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Sunday, 16 November 2014

Hygrocybe mucronella ---- Bitter Waxcap

Hygrocybe mucronella.
Waxcaps and earthtongues have suddenly come up all over the fixed dunes.  These red/orange species can be confusing.  The gills with this one are deep orange with a paler edge, adnate to decurrent.  Boertmann (The Genus Hygrocybe) says 'there is large variation in size and shape of fruitbodies ---but once the bitter taste is recorded the identification is certain'.  Touch the cap edge with the tip of your tongue and the distinct bitter taste is immediately experienced.
Boertmann suggests 'kissing' the cap and stipe of many waxcaps to tell if the species has a dry or viscid coating.  The tip of the tongue is required for this species.  Care needs to be exercised while conducting such tests on fungi in case you are observed by the local constabulary who do not have sutch behaviour explained in their manual.  It has been known for a mycologist to spend a night in the cells after he was observed acting strangely on an Aberystwyth hillside but could not convince the officer that he was examining mushrooms.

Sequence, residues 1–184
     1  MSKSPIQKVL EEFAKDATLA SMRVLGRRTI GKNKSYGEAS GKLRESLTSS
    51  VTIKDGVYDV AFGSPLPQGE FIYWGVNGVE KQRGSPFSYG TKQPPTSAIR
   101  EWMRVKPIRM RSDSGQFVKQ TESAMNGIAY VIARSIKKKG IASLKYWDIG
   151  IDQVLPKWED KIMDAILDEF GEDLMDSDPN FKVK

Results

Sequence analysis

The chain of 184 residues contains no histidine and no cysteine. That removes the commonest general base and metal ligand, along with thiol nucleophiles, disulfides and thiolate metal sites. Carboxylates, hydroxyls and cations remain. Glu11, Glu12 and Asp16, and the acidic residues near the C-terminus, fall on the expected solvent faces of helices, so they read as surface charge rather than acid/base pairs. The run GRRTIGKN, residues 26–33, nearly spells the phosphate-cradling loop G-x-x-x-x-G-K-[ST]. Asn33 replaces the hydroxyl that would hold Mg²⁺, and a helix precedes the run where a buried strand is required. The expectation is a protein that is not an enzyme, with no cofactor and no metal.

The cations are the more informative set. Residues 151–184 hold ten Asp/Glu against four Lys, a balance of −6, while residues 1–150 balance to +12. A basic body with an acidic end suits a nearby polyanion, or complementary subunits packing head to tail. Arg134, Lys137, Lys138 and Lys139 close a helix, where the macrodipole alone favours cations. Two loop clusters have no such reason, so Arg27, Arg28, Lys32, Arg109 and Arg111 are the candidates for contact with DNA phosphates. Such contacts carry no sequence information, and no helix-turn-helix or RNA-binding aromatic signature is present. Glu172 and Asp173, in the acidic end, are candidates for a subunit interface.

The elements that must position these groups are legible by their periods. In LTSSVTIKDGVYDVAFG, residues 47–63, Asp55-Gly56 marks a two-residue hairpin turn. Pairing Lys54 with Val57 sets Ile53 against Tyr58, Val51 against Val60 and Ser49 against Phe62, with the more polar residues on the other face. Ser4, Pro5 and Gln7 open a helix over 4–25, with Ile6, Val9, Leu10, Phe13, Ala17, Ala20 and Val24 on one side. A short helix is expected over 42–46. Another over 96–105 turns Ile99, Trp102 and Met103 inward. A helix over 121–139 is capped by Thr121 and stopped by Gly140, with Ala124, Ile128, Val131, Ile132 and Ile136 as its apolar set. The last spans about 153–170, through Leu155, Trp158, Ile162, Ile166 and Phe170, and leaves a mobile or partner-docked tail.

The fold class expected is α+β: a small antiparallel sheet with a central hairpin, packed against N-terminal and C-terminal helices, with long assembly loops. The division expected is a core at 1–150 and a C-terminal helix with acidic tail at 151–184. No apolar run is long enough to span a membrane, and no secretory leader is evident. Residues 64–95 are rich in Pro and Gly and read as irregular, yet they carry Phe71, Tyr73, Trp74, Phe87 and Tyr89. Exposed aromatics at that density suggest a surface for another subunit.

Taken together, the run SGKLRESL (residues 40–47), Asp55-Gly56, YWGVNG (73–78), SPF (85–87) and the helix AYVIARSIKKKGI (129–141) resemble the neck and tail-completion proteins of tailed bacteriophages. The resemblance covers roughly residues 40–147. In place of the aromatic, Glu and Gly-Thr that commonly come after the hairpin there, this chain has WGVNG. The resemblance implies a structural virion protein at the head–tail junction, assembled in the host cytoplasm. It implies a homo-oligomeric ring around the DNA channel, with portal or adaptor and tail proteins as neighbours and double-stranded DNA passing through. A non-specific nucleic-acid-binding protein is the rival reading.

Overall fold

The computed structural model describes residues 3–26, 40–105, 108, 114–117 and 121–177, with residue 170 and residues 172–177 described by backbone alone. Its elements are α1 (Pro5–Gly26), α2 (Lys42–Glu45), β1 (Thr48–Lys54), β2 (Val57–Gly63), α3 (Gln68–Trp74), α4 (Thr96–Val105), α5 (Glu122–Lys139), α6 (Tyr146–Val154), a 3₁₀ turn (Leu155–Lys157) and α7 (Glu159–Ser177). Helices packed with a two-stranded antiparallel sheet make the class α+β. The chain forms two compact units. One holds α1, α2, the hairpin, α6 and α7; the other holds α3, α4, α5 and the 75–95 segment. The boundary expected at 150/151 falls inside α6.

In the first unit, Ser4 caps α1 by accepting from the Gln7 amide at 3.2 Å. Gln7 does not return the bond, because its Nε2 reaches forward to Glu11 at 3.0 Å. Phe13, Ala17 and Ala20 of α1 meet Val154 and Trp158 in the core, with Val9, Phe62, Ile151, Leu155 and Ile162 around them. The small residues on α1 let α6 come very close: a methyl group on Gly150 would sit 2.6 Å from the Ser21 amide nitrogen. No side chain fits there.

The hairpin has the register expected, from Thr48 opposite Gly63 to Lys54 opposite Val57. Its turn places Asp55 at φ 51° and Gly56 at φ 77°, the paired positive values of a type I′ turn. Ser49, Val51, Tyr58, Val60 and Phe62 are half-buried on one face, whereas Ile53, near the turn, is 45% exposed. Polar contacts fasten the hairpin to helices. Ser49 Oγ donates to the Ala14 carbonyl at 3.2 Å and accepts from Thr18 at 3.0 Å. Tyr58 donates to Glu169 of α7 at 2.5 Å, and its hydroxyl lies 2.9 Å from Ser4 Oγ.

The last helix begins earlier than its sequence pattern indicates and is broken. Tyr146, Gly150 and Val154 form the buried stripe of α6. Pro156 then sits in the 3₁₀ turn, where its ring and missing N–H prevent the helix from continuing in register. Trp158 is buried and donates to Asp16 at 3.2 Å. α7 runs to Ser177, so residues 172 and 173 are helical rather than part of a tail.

1. Would this be counted as a good waxcap year? There is an area at Cynheidre that has literally hundreds of snowy waxcaps, along with an assortment of other seemingly common species (haven't kissed any yet!) with earth tongues and spindles galore.

  2. Colin, I have not looked at many waxcap sites but a few have been very fine with many fb's 'showing' as birders might say. Some lawns however have had nothing at all. On average, mid-Nov for 4-6 weeks seems to be the best period but varies from year to year ----- but so unpredictable it is difficult to plan a 'foray' a year in advance.